Saturday, 11 September 2010
Cold As Ice
Just finished reading ‘Anti-Ice’ by Stephen Baxter, my favourite living science fiction author. I’ve included a list of his most excellent books at the bottom of this blog by way of a recommendation.
Anti-Ice, though, I would hesitate to recommend. It’s one of his first novels, and for some reason it has never been published in the UK. I can only guess it’s because of either contractual reasons, or because SB wasn’t altogether happy with it and would prefer it not to be generally available. That doesn’t seem very likely, though, given that he links to it on Amazon on his website.
The premise of the book is extremely strong; in the mid-19th century, British explorers have discovered some debris at the South Pole, a strange substance with the explosive force of Uranium but which acts as a superconductor when frozen. This discovery has sent history off onto a different course, as the anti-ice leads to developments in transport, industry and, of course, weapons. It’s not a ‘steampunk’ novel exactly, because SB has tried to make the science plausible, but nevertheless its main conceit is what-if 19th century technology and politics were supercharged?
But unfortunately that premise isn’t really fulfilled. The book starts well, in the Crimean war, and we get some enjoyable ‘world-building’ as we visit the Great Exhibition... but even then, SB’s prose is not as vivid as in his later work. Part of the problem is that the novel is written in a rather formal, rather dry 19th century style. An approach that SB would pull off extremely well in The Time Ships, but here, it has a distancing effect, as so much of the novel is characters talking exposition in a very stiff and unrealistic manner.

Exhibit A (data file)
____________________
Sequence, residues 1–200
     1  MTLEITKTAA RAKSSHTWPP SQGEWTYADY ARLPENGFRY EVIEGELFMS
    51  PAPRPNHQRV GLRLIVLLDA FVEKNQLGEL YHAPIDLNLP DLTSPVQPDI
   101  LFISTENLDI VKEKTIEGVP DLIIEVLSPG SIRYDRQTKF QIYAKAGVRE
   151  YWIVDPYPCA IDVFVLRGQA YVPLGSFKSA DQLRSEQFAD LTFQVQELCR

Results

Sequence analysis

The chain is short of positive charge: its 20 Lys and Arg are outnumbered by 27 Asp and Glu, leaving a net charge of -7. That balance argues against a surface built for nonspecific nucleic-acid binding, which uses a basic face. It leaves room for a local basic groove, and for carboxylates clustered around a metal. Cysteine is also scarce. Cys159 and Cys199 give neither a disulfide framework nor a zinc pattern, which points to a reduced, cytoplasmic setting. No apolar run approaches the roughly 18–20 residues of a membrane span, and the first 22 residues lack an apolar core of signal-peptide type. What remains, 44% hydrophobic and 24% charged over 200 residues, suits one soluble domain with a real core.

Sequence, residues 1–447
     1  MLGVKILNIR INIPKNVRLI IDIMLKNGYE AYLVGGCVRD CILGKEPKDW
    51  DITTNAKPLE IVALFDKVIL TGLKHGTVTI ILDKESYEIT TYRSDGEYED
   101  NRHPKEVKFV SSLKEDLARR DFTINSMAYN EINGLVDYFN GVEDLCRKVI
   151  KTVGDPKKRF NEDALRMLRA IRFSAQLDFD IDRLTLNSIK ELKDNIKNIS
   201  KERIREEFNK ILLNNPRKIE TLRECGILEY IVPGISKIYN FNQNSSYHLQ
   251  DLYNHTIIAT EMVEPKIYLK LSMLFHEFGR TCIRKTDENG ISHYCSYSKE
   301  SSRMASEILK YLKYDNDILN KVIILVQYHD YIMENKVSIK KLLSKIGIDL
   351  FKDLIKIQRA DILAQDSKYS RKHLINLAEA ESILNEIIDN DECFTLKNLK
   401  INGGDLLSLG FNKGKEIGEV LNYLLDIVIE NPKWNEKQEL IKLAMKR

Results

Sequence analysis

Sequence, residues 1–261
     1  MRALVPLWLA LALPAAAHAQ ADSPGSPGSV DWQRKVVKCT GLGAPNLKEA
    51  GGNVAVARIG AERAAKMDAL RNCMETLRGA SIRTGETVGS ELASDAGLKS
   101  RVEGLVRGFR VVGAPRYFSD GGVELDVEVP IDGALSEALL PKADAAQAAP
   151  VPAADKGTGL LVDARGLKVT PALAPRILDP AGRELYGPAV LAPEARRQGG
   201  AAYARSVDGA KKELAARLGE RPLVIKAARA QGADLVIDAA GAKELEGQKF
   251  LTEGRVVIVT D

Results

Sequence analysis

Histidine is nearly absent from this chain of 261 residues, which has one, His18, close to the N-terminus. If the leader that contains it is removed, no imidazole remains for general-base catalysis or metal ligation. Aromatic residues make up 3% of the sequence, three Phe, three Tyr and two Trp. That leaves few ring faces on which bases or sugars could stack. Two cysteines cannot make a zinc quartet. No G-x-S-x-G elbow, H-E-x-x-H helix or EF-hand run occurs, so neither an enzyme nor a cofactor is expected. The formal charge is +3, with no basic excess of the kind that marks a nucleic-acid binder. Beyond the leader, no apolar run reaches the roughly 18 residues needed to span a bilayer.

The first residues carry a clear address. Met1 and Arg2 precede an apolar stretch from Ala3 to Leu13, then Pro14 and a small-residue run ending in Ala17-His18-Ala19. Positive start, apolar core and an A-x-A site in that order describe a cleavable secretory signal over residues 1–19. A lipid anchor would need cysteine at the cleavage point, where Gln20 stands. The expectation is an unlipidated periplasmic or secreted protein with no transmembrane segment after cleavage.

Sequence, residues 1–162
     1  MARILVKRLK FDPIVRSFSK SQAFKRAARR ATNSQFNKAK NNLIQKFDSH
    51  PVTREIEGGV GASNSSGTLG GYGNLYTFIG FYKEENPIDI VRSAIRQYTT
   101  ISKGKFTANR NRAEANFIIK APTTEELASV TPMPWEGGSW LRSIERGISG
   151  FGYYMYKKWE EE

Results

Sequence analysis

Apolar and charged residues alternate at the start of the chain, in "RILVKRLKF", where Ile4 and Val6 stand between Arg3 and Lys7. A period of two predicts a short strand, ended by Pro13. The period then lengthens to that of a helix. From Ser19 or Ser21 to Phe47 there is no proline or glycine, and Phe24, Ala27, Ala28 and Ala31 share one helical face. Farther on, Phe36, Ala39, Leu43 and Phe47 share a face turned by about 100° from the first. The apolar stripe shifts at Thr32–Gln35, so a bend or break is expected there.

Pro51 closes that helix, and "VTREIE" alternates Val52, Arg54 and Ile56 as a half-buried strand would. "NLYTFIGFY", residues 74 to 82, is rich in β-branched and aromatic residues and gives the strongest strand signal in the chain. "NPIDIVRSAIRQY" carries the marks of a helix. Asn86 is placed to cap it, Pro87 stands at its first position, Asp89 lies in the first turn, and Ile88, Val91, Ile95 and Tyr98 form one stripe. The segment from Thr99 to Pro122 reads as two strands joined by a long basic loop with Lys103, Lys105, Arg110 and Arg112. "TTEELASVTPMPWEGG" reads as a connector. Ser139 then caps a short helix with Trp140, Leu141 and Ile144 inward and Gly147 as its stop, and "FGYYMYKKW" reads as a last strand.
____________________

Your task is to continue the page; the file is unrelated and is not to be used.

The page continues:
The other problem is that the middle three-quarters of the book concerns a rocket flight to the moon, which is hard work for two reasons. Firstly, it means the characters are locked in a tin box for much of the story, so – as I just mentioned – a lot of the world-building is off-stage and talked about rather than seen. And secondly, it’s that the rocket flight isn’t particularly exciting; it reminded me of CS Lewis’ Out Of The Silent Planet, in that it basically reprises From The Earth To The Moon and The First Men In The Moon without adding anything new. Admittedly the science is more up-to-date, and the character of Traveller is an entertaining pastiche of Conan Doyle’s Professor Challenger, but there’s still a very dull space-walk scene, a very dull weightlessness-scene, a very dull how-we-navigate-in-space scene...
Eventually they do return to Earth and things liven up a bit, but by that point I get the feeling that SB was getting a bit fed up with the novel. Indeed, my generally impression is of an author who has come up with a synopsis, sold it, and then found, in writing it, that he’s locked himself into telling a dull story. Because this book doesn’t really give SB an opportunity to show off his imagination; there’s a few pages on a strange, anti-ice-based crystalline-mushroom-clam species that has evolved on the dark side of the moon, but which turns out to have very little to do with the rest of the book, and even then, isn’t particularly clearly-described. I sense SB’s impatience with his own plot when, after having spent 150-odd pages describing a trip to the moon, he dispenses with the return trip – and a descent through the Earth’s atmosphere – in a couple of paragraphs. And having characters deduce the novel’s closing plot-twist half-way through suggests an author realising that perhaps that closing plot-twist is a touch on the extremely predictable side, and he would be better off lowering expectations than building up to it.
Still, an interesting novel, but if you want to read a great SB book, choose one from this list:
The Time Ships
The Light Of Other Days
The H-Bomb Girl